In my last post, I told you about my conversation with a self-described “open-minded” pediatrician at the annual convention of the American Academy of Pediatrics. I was as distressed by his seeming ability to consider the circumcision question as a simple matter of “point of view,” as I was with the magnitude of pain and harm he had caused, and the fact that thousands of boys and men were living with the consequences. I did, however, know what he meant when he said that for him to stop performing circumcisions would be “complicated.”
If this doctor stops now, what will he tell the repeat “customers,” young parents asking him to circumcise their second or third son? What will he tell his colleagues?
If he stops, what will he tell the boys he cut who later learn that he – indeed – did put down the knife?
If he stops, and one day a young man in the small community where he practices sues him for injuries, or for lack of consent (the statute of limitations on a malpractice claim typically re-opens for a time when an individual turns 18), what defense will he offer?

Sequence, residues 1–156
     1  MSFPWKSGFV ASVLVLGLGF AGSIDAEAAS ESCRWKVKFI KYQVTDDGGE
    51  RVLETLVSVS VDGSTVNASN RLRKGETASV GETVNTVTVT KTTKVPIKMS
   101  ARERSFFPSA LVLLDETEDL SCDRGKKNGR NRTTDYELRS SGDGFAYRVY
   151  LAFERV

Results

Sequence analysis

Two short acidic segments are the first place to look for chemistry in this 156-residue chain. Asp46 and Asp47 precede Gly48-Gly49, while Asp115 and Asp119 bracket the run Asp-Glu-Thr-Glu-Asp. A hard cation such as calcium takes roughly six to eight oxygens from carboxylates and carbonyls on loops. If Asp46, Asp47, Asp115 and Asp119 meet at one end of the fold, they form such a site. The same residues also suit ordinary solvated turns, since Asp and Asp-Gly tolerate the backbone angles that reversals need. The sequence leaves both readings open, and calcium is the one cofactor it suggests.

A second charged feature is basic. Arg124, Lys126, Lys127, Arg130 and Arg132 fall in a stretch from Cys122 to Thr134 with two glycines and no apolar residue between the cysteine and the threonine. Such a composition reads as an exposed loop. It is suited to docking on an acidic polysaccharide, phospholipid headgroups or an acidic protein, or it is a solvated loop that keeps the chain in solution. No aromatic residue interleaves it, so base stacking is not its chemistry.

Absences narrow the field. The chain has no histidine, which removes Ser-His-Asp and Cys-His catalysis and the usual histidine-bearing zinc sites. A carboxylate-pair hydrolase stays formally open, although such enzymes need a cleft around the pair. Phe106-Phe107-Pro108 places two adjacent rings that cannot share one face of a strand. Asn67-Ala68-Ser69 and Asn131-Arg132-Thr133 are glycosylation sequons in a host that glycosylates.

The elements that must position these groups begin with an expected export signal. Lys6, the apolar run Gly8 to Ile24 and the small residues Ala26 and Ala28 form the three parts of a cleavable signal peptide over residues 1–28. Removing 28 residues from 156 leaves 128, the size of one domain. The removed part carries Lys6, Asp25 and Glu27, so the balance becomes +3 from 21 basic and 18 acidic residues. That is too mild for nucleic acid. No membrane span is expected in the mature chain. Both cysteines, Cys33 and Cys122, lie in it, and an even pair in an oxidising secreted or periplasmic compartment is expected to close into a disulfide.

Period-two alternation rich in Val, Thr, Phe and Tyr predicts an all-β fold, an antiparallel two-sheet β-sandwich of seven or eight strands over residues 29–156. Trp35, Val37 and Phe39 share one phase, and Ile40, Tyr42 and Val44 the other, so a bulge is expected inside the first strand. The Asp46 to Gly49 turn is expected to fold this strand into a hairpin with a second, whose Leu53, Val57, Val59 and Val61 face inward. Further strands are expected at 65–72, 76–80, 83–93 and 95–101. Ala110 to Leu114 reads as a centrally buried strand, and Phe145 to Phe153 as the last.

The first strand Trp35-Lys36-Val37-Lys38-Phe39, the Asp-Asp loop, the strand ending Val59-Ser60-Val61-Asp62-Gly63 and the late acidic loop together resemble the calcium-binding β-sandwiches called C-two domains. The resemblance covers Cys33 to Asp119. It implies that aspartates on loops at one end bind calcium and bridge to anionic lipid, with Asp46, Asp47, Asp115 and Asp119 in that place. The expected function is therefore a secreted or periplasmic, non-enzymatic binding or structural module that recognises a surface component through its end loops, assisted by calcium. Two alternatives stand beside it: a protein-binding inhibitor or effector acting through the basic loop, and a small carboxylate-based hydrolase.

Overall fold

On the other hand, if he doesn’t stop, how will this doctor live with his conscience – or with the consciousness that made him come to talk with us? What will he do if he botches terribly a surgery, and a baby loses half of his penis, or dies, after he knew he should stop circumcising, but didn’t?
Since the AAP conference, I’ve lost hours of sleep pondering this conversation, unable to imagine the magnitude of the suffering – one or two babies a day, week after week, month after month, year after year, strapped down and mutilated – caused by this man who took an oath to do no harm. I went online and learned that the small northeastern city where he practices has only 16,000 people. This means – again, if his numbers are correct – he has circumcised pretty much every male under the age of 25 in the community and the surrounding area.
Except his own son, that is. And by the way, what does he tell his intact son?
Let’s say your postman one day stopped by to tell you that he’d touched the genitals of all the neighborhood children, and all the children in his son’s school (though not his own child), as well as the children in the surrounding towns, over the past 25 years; and then he told you he wanted to know your point of view about that. You’d reach for the phone, and call the police.
Yet there I was, in this huge exhibit hall in Boston, standing under the bright lights of the infant formula, baby lotion, and drug companies, talking politely with a man who had cut the penises of 5000-6000 babies, but was “open-minded” and wanted to understand Intact America’s point of view.
by Georganne Chapin